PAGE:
• difficulty with social and communication skills (the ability to "read" body language, understand sarcasm, etc.),
  • sensitivity to loud noise, bright lights, and other sensory input
  • difficulty with changes in routines
  • desire to talk and think about only a few topics of special interest
  • challenges with empathy (imagining what other people are thinking or feeling)

It's important to note that people with high functioning autism are not lacking in emotions, and can be very kind. In some cases they may be creative and innovative (though in other cases they may have a tough time thinking outside of the box). Difficulties arise, however, when folks at the high end of the autism spectrum run up against social conventions or expectations that are complex and require a high level of "social thinking skills."

The History of Asperger Syndrome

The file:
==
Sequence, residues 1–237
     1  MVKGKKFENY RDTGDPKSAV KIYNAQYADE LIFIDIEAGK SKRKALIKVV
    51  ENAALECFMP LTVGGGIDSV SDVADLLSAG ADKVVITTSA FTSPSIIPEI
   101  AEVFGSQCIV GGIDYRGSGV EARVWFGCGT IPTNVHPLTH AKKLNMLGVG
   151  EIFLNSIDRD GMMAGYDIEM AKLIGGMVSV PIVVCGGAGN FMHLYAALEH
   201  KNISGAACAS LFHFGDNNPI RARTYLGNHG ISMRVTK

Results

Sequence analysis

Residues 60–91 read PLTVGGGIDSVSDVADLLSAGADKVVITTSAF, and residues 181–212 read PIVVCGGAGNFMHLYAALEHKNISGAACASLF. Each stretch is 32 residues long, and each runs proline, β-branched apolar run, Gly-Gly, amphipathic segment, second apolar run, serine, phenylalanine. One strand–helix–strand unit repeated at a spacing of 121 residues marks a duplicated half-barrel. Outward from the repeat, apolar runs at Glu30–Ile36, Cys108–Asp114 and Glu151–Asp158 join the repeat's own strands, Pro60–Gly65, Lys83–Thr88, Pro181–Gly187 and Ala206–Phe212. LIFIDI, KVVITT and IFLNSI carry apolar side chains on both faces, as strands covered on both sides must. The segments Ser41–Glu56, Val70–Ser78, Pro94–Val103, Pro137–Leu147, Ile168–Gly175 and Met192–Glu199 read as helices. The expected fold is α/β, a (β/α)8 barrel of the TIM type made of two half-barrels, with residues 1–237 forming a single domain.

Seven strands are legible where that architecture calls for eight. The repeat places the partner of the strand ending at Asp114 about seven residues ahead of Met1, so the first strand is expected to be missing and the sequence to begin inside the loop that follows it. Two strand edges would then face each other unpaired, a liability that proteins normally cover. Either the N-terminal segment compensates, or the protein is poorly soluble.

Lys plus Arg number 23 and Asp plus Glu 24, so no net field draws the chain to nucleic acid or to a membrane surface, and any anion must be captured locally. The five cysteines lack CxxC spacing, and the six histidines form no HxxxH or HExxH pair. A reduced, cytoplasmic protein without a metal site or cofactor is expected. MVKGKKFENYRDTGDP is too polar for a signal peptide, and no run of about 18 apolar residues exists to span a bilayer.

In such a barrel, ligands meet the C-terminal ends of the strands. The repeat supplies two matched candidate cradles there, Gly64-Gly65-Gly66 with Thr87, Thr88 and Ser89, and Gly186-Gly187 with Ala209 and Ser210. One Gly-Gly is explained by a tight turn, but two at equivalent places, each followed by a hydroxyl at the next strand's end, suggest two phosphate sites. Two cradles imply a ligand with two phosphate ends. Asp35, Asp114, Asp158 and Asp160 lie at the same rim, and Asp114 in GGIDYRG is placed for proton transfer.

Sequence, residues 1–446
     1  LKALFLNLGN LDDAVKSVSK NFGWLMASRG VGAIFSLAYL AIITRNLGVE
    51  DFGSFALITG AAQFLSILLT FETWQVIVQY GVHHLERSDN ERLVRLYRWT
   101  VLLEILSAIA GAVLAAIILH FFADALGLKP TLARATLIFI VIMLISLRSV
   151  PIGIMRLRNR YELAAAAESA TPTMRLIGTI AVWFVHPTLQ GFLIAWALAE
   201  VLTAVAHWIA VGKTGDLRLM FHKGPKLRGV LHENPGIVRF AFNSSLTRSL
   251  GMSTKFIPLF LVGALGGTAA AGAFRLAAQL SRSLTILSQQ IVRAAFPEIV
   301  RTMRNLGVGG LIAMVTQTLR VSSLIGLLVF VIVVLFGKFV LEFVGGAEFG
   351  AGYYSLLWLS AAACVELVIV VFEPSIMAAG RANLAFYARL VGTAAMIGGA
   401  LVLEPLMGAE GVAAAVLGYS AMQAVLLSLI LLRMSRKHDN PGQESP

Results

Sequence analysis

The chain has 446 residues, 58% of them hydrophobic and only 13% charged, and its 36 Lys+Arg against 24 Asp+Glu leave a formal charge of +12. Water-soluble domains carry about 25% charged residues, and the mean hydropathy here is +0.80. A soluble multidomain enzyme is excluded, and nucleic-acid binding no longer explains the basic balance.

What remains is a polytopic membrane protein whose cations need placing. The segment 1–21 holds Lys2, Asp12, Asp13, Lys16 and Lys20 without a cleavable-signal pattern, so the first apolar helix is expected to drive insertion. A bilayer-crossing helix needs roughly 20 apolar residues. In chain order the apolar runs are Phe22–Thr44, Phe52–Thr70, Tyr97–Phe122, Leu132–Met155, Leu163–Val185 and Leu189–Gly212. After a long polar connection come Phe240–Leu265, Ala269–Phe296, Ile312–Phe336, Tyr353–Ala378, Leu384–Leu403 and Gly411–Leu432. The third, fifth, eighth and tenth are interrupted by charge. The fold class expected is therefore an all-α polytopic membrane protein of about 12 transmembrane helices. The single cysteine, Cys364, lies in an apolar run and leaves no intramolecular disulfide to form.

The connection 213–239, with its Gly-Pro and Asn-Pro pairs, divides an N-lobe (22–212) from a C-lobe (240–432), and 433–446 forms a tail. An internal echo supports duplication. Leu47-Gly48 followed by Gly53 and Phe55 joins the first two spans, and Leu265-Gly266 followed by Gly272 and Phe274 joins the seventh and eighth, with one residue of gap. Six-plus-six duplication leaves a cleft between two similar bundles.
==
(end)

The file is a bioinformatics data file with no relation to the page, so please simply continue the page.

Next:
Hans Asperger was a Viennese child psychologist who worked with a group of boys all of whom had similar developmental differences. While they were all intelligent and had normal language skills, they also had a set of autism-like symptoms.

As a result of the second world war, Asperger’s work disappeared for a number of years. When it reappeared in the late 1980’s, it garnered a good deal of interest. Today, Asperger’s Syndrome (despite the fact that is no longer an official diagnostic category!) is in the news virtually every day.

What Does It Mean to Have Asperger Syndrome?